This may be because the effects or problems that the failure has on the system or subsystem are often neither readily apparent in terms of their source nor unique. Sometimes the recommended fix for a problem may not resolve the problem due to the complexity of the problem and/or diagnostic efforts. With some components, this is not a significant issue. For example, if a component has binary functional properties in that it either works properly or it doesn't, such as a mechanical or electrical switch, then diagnosing, recommending a fix and determining that the fix was correct is typically not too difficult. However, with more complex problems these efforts may be more difficult and may lead to the inefficient operation or underutilization of a locomotive or fleet of locomotives.

Diagnosing failure conditions associated with complex machines such as systems and subsystems of a locomotive may be performed by experienced personnel who have in-depth training and experience in working with a particular type of machine. Typically, these experienced individuals may use current and historical information associated with a problem that has been recorded in a written or electronic log. Using this information, the technicians apply their accumulated experience, knowledge and training, in mapping incidents occurring in a complex system and/or subsystem to problems that may be causing the incidents.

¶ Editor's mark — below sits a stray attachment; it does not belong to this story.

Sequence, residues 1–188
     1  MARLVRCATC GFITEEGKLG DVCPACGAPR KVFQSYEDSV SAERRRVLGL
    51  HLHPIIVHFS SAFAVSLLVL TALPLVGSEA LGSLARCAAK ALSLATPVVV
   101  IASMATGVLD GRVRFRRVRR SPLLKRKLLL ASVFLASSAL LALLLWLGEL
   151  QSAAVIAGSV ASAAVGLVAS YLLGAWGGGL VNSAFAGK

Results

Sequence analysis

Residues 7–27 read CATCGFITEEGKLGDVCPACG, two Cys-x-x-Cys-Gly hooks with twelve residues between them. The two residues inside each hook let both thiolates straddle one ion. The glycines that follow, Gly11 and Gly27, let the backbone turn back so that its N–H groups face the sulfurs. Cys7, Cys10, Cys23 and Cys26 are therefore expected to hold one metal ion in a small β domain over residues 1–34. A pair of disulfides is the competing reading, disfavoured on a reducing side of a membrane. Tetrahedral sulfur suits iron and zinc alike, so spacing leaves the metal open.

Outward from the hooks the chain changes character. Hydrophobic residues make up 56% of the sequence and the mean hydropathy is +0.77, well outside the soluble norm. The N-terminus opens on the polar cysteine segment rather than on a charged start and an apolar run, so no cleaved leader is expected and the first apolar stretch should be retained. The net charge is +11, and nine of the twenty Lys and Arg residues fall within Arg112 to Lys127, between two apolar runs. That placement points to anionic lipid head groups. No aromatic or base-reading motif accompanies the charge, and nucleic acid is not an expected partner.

Computer-based systems are also used to automatically diagnose problems in a machine to overcome some of the disadvantages associated with relying completely on experienced personnel. This may increase the speed and consistency of the diagnosis. Computer-based systems are becoming more popular and may utilize a mapping between the observed failure conditions and the equipment problems using techniques such as table look-ups, symptom-problem matrices, and production rules, for example. These techniques work well for simplified systems having simple mappings between symptoms and problems. However, more complex equipment and process diagnostics seldom have such simple correspondences. Consequently, recommended fixes may be made that do not solve a problem immediately or completely. This may not be determined for sometime after the fix was executed, leading to the potential for recommending the same improper fix when that problem is next identified.